• 4/26/17 – Increasing CHO and decreasing HCl has helped. Today will move forward with vitamin C and GI repair powder to attempt to further lower HI, and start on a liver support supplement. Will then start acid lowering agent to assess if gastritis is a factor. Will also retest CMP/CBC to eval elevated liver enzymes and reassess ferritin/iron overload. Additionally, will run CIRS/mold screen through life extensions. He noted he felt better on the day of DMSA so consider detox therapy soon. Other end-phase considerations: retesting SIBO, FMT or Helminths.

Recommendations:


Visit 8

Subjective Assessment:

  • Liver support – helps GI.
  • GI support powder, Vitamin C, acid lowering agent – has not started.
  • Improved:
    • GI: indigestion, burning, cramping.
  • Same:
    • Neuro; brain fog, fatigue, HA, tinitus.
  • Worse:
    • na

Lab Interpretation:

  • Just passed online visual acuity test (failing is suggestive of mold/CIRS)
  • Life Extension Panels
    • Trans. Growth Fact. beta 1* 9474
      • 13-3-52A – Multisusceptible
      • 13-3-52B – Multisusceptible
      • 13-6-52A – Mold Susceptible
      • 13-6-52B – Mold Susceptible
           
    • LabCorp PCO
      • Ferritin 585-H
      • CMP AST 135-H, ALT 450-H, BUN 25-H, Creatinine 1.35-H

  • Dx
    • Suggestions of mold/CIRS and renal disease

Impression:

  • Key Point: Why did I start down the path of pursuing mold? Seeing Andrew’s GI improve with no corresponding improvement in his neurological symptoms is suggestive there may be more than a GI issue present. It’s important to wait and see if someone’s neurological symptoms will trail behind improvements in the GI (so don’t rush to mold or other ddx) but if you have waited a couple months and seen the GI maintain improvements with no improvement neurologically, it could be time to consider other ddx.
  • 5/17/17 – Lab pattern is consistent with renal disease, referring to PCP now. This might be driving high ferritin also. Mold/biotoxin appears to show genetic predisposition and immune activation, which might be driving renal findings. Will start with CIRS protocol non-rx, then consider adding previously recommended GI support. Will also perform Ermi testing now (see results below), VCS testing and take 2 weeks out of the home. Also advised to see a mold/CIRS specialist.

Recommendations:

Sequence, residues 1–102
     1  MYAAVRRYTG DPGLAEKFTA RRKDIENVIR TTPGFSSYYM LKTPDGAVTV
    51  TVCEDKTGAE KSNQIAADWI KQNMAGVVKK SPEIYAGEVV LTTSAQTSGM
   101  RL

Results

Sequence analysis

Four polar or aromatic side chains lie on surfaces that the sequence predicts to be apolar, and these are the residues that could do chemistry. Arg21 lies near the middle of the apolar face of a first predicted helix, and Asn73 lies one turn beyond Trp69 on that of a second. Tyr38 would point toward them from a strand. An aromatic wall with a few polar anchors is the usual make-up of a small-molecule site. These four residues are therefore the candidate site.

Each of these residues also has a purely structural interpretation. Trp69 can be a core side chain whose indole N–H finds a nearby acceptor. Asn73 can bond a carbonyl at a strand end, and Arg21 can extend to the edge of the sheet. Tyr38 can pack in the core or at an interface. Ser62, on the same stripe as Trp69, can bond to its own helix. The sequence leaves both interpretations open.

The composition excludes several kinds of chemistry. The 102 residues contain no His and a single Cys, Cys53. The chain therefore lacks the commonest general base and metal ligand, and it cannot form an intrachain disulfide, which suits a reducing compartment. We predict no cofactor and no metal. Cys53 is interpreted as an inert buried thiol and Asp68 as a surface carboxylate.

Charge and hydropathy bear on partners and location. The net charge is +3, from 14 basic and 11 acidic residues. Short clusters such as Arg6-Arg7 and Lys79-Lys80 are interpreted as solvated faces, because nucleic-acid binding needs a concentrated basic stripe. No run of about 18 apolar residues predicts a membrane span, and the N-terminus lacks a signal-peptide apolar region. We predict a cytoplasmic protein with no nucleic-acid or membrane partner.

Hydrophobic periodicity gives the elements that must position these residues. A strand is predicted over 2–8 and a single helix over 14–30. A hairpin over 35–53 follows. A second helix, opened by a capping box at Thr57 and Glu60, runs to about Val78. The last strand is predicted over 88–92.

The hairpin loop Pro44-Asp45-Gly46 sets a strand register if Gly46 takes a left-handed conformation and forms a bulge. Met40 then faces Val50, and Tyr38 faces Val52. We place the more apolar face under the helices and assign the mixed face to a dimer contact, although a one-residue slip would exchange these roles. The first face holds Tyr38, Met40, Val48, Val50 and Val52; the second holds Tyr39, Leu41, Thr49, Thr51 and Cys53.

• Start/New
    • See your local primary care provider immediately for renal evaluation
    • Consult with a mold and/or CIRS specialist

Dr. Ruscio’s Comments

We followed up with Andrew 6 months later to check in and he commented that he was very appreciative of our office helping him identify mold as an issue, that he has been working with a specialist in the treatment of mold (and Lyme) and progressing nicely. His PCP had also ruled out renal disease, thankfully.

Andrew’s case is a good example of when there is a need to address more than the GI and consider other diagnoses/causes. This is also another reason I am not a proponent of high amounts of testing. How does this relate? Too much testing can make it hard to get a sense of what a typical treatment response looks like because you are distracted by a litany of testing variables. However, when you do understand what a typical response looks like, you can then identify when someone’s response is abnormal. Once you identify this abnormality and determine that the response is not an anomaly (its happened repeatedly), it is then a good idea to consider other differentials and move the patient in the most substantiated direction. If this direction is one you are not well versed in, refer out. Don’t try to do everything, patients appreciate when you respect your own limitations.

I’d like to hear your thoughts or questions regarding any of the above information. Please leave comments or questions below – it might become our next practitioner question of the month.

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Discussion

I care about answering your questions and sharing my knowledge with you. Leave a comment or connect with me on social media asking any health question you may have and I just might incorporate it into our next listener questions podcast episode just for you!

24 thoughts on “Practitioner Case Study – October 2018